Monday, September 26, 2011

new to dvd | better world, morin, cunningham, murder songs

Various soul food movies are new to dvd the past month or so, and well worth renting - if you can figure out how to do that. In Canada right now, we find ourselves in a sad no man's land between the decline of video stores and second-run movie cinemas and the rise of anything to replace them. 

Streaming? The selection Netflix offers Canadians is a joke: indeed, not one of the titles I'm recommending for appears to be on offer.  As far as I can tell, they don't offer a DVD by mail service to Canadians. is apparently the largest dvd-by-mail service in Canada - but they also bat .000 when I lob these titles over the plate. (You can, however, rent Battle: Los Angeles or Disney's Prom. So all is not lost.)

The sort-of-good news, soon to be the really bad news, is that Vancouver's beloved Videomatica is still in business, and stocks three of the four titles - only Bill Cunningham New York is unavailable. The spring rumours of its August death were greatly exaggerated. Well, slightly exaggerated: they're still advertising October acquisitions under their "Coming Soon" listings, but after that... Nothing. Nada. The void. This weekend I re-signed with (after letting my subscription lapse in the spring) in a desperate bid to see at least a few of the films that just don't seem to be anywhere else in our film-free land. Looks like October is Movie Month: not just VIFF, but cramming in as many Videomatica-only titles as I can on my home screen. Police Adjective, Ostrov, The Bang Bang Club, My Father My Lord, Vision, Noise, The Idiot (Kurosawa), Dante's Inferno, The Trap (Klopka)< Mary and Max, Sweetgrass, Choking Man... I'm only forgoing In A Better World, Leon Morin Priest, Bill Cunningham New York and Small Town Murder Songs because I either saw them in the theatre or own my own copy. 

So have I got this right? That apparently the Canadian government is using its stricter copyright laws (as well as the barrier to US mailing created by our celebrated postal service) to protect the artists and craftspersons who make movies. And the best way to guard their interests is to ensure that no one can actually watch what they create. Have the federal Conservatives figured out that film is a form of art, and therefore feel obliged to shut it down? Or have they figured out some way to tax torrenting? 

Enough. I hadn't intended to start off my week in so discouraging a fashion. I just wanted to tell people about these exciting new Soul Food movies now available on video. Only to realize that the "now available" part of that announcement is barely true - and apparently by the end of October or so, will be completely true. On with our originally scheduled post. For our American readers, stalwart Videomatica subscribers, and those of you willing to torrent...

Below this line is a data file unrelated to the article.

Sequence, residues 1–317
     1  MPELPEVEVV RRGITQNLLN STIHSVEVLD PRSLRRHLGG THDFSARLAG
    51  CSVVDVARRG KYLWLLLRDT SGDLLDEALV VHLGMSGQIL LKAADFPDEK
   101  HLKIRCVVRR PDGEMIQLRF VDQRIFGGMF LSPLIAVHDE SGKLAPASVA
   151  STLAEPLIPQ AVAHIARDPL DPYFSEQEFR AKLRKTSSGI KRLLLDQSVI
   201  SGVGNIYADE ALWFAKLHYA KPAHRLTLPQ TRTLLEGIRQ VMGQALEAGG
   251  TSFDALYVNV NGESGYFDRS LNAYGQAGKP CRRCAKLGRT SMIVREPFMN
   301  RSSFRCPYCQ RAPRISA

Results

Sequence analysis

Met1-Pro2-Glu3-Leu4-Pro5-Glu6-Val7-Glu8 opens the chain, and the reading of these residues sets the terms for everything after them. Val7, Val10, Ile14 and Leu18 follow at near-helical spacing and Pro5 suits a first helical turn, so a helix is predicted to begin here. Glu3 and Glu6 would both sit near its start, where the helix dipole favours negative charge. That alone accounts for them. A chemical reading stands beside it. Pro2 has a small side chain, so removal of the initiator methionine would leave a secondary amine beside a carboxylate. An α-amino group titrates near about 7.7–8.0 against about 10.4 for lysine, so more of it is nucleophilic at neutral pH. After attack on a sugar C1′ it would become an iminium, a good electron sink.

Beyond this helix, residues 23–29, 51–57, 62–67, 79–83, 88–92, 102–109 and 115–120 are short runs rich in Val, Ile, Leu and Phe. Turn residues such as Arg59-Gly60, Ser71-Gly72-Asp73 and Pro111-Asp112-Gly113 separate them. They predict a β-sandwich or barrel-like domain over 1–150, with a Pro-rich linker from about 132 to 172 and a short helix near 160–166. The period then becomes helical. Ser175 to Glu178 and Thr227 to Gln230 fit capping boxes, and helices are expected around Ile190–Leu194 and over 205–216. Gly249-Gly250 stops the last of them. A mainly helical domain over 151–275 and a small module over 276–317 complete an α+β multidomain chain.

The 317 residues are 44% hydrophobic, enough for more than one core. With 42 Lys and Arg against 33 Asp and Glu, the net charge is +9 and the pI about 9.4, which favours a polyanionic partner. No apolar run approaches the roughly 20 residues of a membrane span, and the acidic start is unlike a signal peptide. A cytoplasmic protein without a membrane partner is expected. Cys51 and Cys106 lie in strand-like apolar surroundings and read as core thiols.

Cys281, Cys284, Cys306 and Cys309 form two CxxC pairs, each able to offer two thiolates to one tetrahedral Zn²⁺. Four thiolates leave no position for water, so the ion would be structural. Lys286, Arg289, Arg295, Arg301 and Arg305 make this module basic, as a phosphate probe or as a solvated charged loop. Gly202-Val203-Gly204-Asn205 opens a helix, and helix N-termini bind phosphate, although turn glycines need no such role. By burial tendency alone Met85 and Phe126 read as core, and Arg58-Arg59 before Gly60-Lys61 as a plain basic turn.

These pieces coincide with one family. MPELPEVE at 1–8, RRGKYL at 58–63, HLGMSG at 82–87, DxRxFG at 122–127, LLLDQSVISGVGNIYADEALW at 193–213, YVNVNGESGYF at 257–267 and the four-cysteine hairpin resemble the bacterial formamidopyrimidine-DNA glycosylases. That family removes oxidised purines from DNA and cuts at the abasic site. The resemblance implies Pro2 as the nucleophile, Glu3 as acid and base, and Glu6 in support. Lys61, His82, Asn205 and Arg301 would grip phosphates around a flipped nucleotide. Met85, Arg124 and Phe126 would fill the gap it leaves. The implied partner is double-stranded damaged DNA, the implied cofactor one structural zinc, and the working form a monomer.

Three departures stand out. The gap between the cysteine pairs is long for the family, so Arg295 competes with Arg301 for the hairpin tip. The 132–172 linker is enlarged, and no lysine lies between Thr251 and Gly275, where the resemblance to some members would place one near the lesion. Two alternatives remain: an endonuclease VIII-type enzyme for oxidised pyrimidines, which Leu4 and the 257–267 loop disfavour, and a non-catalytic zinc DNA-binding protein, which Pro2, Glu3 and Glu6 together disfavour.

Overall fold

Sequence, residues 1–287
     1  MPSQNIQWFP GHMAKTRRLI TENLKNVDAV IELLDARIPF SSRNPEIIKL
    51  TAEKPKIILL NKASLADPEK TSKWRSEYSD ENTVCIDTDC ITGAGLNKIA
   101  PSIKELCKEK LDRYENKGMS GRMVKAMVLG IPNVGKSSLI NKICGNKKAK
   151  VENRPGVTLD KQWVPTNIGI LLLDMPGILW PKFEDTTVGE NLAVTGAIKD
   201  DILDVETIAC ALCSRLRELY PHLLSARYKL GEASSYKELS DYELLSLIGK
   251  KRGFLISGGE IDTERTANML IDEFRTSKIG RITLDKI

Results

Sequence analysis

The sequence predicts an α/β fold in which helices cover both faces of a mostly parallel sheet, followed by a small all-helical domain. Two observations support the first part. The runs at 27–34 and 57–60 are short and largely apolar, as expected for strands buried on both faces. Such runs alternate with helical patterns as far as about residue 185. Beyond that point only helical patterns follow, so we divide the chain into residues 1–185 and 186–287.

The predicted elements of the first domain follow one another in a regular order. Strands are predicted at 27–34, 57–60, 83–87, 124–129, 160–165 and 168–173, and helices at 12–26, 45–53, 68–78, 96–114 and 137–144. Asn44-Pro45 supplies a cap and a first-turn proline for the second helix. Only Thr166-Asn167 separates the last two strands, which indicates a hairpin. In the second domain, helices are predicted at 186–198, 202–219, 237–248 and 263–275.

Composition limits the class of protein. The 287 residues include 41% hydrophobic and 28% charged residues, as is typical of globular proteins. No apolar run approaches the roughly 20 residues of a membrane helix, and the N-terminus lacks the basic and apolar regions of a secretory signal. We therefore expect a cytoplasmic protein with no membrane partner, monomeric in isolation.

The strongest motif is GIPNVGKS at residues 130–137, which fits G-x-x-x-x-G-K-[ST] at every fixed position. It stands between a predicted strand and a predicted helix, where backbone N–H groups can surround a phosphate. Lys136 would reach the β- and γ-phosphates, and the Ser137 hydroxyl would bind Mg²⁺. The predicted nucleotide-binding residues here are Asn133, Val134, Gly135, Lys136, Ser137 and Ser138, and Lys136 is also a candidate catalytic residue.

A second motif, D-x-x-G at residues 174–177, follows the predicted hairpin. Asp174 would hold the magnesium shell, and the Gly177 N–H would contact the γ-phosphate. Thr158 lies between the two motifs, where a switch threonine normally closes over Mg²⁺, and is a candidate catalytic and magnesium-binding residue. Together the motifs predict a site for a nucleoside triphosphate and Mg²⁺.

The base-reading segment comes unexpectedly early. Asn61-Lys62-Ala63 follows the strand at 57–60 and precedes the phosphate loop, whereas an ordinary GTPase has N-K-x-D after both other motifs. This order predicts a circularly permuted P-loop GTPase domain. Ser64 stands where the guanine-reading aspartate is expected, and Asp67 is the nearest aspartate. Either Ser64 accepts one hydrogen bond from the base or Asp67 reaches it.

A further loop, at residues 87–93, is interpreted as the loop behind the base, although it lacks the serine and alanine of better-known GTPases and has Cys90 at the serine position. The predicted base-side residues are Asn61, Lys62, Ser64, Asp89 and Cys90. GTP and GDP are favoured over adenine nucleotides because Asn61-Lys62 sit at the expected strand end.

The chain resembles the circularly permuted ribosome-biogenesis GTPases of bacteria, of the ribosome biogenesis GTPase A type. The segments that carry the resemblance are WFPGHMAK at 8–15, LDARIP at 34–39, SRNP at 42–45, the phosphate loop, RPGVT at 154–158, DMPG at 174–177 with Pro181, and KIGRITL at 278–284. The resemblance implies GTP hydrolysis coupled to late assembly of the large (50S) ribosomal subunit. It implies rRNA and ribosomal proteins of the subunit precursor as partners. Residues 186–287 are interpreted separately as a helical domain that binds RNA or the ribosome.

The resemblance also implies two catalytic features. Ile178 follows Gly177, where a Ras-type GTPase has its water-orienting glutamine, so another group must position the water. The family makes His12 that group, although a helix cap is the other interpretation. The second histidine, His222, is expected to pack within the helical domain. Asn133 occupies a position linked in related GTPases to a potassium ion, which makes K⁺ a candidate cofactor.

In A Better World was directed by Susanne Bier and scripted by Anders Thomas Jensen, whose collaboration on After The Wedding was also brilliant. She's a Danish director, which accounts for the artistic sensibility, who studied arts at the Hebrew University in Jerusalem, which may account for the Soul Food flavour.

Leon Morin, Priest was a Criterion release this summer, set in Occupied France, in which the widow of a French Jew, herself a Communist, struggles to keep her small children out of the concentration camps with the help of a "handsome, brave, vigorous and intellectual priest" (played by French New Wave star Jean-Paul Belmondo).

Small Town Murder Songs concerns a rage-filled cop in an Ontario Mennonite community struggling to leave behind his violent past. Crank up the volume - an overpowering score makes this movie.

Unfortunately, even the hawk-eyed movie predators in the Videomatica acquisitions department missed Bill Cunningham New York, a small, soft-spoken, but utterly beguiling study of the frugal, self-reliant street photographer whose weekly fashion collages are a fixture at the New York Times. Roger Ebert: "It doesn't matter if you care nothing at all about clothing, fashion or photography. Here is a good and joyous man who leads a life that is perfect for him, and how many people do we meet like that? This movie made me happy every moment I was watching it." Looks like I'll have to buy me a copy...

Sunday, September 25, 2011

higher ground

Opened Sep 23. Sounds intriguing.

International Village
through Thu Oct 6 2:10, 4:55, 7:45, 10:30
by Rick Groen
excerpted from Globe & Mail, Sep 23 2011

In the media and pop culture, the typical portrayal of Christian fundamentalists tends to err at the extremes, treating them and their beliefs with either an excess of reverence or too much mockery. Higher Ground is refreshing precisely because it finds a middle ground – in this spiritual community, there are no saints and there are no demons, no absolute wisdom and no complete idiocy. Of course, in such a vacuum, drama is harder to generate, and the film’s quiet realism demands from us our own act of faith: We’re asked to watch closely and to listen intently in the promise of a greater reward to come. ...

Essentially, it’s the story of a woman whose life is changed by two embraced discoveries. First, she acquires religion and then, painfully, she gains something that speaks to her far more profoundly – doubt. The script doesn’t quote Tennyson, but his famous dictum – “There lives more faith in honest doubt/ Believe me, than in half the creeds” – lies at the conflicted heart of the tale. That’s the faith Corinne, an evolving skeptic among true believers, labours toward.

. . . Corinne visits a Christian therapist, a guy who in less sensitive hands would just be a lampooned figure of fun. Instead, here, his dead-on diagnosis simultaneously reflects the strength and the weakness of his beliefs. He says to her: “You are worshipping at the altar of yourself.” Of course she is, but that’s exactly the point. Corinne has ascended to that higher ground where the bigger questions are asked. And none is bigger than this: Is religion a denial of her true self, or an antidote to the curse of narcissism? Her trial continues.

Saturday, September 17, 2011

viff | soul food picks

CORPO CELESTE | Fri 30 5:30 G7 | Sat 1 9pm G7 | Mon 3 1:00 G7

FOOTNOTE | Tue Oct 4 7:00 Vogue/Visa | Tue 11 4:15 Vogue/Visa

JESUS WAS A COMMIE in WHERE THERE’S HOPE | Sat 8 6:30 G7 | Sun 9 1:15 G7

THE MILL AND THE CROSS | Sat 1 10:30am G7 | Thu 13 6:20 G7

THE PLANTING in FIRE | Tue 11 9:15pm G7 | Wed 12 3:45 Cinematheque

WAIT FOR RAIN in WATER | Sun 9 9:30pm G7 | Mon 10 4:00 Cinematheque

Wednesday, September 14, 2011

the planting + wait for rain | viff | oct 9-12

Kyle Rideout directed a memorable production of THE GREAT DIVORCE at Pacific Theatre this past spring, and Jason Goode's DANNY & THE DEEP BLUE SEA (summer 2010) was so strong we invited him to place it in our upcoming season. Now both have placed short films in VIFF 2011! Most exciting.